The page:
"We are hopeful that the demand will continue to increase as more Californians learn about this newer eligibility," the statement continued. "Both the original COVID-19 vaccines and bivalent doses have gone through rigorous scientific review to confirm their safety and efficacy in all age groups."

Timing, however, may not be the only factor at work. In a recent Kaiser Family Foundation survey, 45% of parents of children ages 6 months to 4 years said they would "definitely not" get their children vaccinated, while 20% said they would do so only if required.

Among the reasons respondents offered were concerns that the shots were too new and had not been adequately tested or researched, as well as worries about possible side effects and overall safety. Some parents also said they didn't think the vaccines were necessary or that they weren't worried about COVID-19.

"We have seen that these vaccines are very safe and very effective," Ferrer said Thursday. "I think it's our job as public health practitioners to continue to engage in conversations with people in the community and make sure that they have good information so that they can make the best decision for themselves and their children and their community."

But uneasiness and unwillingness persist even as officials and experts emphasize that vaccines remain one of the best ways to help avoid catching and falling seriously ill with COVID-19.

And given a still-elevated level of coronavirus transmission as well as the imminent arrival of the holiday season, officials have said getting boosted now can have a powerful effect.

"Vaccines are among the very safe medical interventions that really provide an incredible amount more benefit than many other of our medical interventions," Marks said.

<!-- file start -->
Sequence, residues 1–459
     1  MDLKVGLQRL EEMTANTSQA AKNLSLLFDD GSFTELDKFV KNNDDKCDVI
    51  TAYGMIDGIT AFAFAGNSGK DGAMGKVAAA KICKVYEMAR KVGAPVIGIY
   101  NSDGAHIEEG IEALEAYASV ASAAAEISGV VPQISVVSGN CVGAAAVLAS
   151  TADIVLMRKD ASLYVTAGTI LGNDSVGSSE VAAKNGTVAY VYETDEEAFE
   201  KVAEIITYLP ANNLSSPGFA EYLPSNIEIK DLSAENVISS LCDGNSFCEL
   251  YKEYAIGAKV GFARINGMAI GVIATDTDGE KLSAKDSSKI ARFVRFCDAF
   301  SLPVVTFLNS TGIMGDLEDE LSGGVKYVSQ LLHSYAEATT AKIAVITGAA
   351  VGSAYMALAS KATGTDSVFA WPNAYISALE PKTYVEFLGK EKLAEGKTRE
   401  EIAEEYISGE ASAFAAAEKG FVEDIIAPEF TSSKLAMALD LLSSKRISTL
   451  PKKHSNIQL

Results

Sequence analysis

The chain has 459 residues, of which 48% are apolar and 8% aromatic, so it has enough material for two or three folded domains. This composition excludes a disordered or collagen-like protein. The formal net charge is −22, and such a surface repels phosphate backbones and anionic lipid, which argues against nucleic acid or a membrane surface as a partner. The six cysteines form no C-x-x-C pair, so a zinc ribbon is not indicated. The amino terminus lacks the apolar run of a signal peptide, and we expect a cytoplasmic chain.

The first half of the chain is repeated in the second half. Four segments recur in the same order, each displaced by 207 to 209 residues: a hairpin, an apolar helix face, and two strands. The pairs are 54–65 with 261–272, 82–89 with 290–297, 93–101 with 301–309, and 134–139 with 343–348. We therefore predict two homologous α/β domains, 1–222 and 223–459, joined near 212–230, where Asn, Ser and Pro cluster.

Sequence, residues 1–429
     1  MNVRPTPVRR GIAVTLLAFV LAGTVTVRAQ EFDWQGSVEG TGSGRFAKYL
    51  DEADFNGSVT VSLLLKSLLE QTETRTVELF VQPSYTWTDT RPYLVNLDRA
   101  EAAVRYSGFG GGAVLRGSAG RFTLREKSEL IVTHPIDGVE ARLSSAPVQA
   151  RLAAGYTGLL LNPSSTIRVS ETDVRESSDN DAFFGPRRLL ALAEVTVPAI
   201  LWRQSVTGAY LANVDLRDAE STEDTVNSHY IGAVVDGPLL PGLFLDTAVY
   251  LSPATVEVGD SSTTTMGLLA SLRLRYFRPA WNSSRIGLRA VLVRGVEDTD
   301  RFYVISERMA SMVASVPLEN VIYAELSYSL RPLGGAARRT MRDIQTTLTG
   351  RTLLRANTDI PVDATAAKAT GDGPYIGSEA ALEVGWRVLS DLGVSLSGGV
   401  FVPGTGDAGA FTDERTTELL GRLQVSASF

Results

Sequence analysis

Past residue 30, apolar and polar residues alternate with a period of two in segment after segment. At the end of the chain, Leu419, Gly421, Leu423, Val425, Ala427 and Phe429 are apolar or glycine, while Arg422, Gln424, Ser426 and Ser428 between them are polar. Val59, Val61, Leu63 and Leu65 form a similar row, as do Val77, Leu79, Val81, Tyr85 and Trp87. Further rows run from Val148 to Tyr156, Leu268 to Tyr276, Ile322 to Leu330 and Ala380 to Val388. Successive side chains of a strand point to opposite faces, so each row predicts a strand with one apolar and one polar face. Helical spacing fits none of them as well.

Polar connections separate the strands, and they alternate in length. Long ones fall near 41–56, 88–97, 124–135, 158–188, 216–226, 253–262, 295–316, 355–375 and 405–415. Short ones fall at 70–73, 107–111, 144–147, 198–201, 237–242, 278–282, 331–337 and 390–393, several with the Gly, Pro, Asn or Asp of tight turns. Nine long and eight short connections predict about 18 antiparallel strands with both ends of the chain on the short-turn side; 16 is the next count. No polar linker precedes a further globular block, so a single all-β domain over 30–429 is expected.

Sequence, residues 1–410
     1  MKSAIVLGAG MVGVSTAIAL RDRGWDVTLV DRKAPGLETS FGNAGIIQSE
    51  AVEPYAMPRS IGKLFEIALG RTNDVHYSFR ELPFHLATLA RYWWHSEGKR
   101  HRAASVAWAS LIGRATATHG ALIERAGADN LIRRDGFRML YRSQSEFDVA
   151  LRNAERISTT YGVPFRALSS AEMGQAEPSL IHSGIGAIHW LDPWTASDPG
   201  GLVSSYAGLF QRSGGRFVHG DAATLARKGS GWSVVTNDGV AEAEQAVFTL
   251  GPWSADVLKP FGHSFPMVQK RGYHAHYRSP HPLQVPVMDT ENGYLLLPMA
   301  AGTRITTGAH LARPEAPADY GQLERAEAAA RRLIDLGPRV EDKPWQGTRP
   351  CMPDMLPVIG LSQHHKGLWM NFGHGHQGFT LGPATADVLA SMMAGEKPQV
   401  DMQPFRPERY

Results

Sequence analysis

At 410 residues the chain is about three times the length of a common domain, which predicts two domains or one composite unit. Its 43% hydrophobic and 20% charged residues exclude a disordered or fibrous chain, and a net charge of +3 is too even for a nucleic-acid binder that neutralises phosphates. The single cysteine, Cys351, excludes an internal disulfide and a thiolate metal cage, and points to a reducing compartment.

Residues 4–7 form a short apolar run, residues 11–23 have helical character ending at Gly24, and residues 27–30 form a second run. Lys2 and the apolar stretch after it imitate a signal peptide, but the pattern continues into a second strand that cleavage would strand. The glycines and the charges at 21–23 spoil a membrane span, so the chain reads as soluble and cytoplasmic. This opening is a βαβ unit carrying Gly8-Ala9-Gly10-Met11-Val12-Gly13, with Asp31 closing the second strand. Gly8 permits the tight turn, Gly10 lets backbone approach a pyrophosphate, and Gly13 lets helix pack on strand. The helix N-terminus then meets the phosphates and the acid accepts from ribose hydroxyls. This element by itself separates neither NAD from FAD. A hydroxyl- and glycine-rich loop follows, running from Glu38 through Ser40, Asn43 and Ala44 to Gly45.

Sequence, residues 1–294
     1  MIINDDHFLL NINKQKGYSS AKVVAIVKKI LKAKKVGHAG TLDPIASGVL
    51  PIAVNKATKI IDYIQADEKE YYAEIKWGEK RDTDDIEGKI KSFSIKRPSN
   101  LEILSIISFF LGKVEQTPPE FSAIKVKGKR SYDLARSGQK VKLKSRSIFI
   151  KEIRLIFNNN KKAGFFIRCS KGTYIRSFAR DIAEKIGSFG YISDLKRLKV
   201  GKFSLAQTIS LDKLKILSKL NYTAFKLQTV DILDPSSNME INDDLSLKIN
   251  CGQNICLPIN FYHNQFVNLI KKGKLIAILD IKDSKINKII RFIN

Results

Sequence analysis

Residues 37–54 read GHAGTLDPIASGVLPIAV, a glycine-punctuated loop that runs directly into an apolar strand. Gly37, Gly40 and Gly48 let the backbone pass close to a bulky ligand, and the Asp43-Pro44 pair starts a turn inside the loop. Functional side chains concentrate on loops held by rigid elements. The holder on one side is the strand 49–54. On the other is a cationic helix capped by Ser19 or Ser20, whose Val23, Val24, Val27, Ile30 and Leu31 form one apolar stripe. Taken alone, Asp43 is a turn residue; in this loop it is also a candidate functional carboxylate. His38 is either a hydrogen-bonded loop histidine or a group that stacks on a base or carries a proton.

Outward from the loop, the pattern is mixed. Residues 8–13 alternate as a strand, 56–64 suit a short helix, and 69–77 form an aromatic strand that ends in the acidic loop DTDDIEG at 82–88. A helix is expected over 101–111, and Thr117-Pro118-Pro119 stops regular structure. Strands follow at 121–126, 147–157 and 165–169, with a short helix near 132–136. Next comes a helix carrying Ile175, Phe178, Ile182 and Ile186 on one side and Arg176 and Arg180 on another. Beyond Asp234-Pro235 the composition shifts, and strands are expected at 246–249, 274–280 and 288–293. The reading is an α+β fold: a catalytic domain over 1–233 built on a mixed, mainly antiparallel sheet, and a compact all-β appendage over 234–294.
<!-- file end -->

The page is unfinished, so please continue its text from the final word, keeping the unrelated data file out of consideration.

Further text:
The California Department of Public Health "continues to work diligently to provide information about the availability, efficacy and safety of the COVID-19 vaccines and boosters," according to its statement. "Recent data show that a bivalent dose provides significant additional protection against severe COVID-19 infection and can help guard against the worst outcomes of COVID-19, including hospitalization and death."

Along with COVID-19, officials are urging residents to get vaccinated for the flu, which is striking the nation with a vengeance not seen in years. The concurrent circulation of those and other viruses — including respiratory syncytial virus, or RSV — has burdened healthcare systems throughout the country and state.

L.A. County recently reported that the number of hospital beds available countywide had fallen to its lowest level of the pandemic.

"While hospitals in L.A. County currently retain full capacity to care for all those in need — and we encourage everyone to seek care if they experience any severe symptoms of illness, including difficulty breathing, severe chest pain, disorientation or trouble staying awake — it is important to acknowledge how easily the hospitals can become stressed," Ferrer said.

Pediatric bed availability has improved somewhat this month, but also remains at among the lowest levels in the last four years.

"Young children can be susceptible to severe illness from respiratory viruses, including RSV and flu. And when levels are as high as they are now, pediatric hospital bed availability can drop rapidly," Ferrer said. "So everyone's encouraged to take steps to curb transmission of respiratory viruses, including masking in indoor public spaces and staying home when you're sick."


(Los Angeles Times staff writer Rong-Gong Lin II contributed to this report.)